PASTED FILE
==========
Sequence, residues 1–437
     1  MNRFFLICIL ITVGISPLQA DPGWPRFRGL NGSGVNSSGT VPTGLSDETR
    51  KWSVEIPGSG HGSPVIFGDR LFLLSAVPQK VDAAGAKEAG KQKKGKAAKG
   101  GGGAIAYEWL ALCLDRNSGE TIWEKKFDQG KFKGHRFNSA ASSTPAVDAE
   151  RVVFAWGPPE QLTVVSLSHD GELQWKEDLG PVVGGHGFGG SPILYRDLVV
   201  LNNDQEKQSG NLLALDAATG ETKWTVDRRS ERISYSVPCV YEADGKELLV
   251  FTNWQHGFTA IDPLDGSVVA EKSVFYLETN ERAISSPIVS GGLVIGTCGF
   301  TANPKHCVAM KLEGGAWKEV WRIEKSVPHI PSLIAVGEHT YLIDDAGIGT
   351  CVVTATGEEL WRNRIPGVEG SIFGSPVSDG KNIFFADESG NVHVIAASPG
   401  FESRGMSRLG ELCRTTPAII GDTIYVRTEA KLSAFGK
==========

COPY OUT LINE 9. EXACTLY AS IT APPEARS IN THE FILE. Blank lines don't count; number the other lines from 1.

   351  CVVTATGEEL WRNRIPGVEG SIFGSPVSDG KNIFFADESG NVHVIAASPG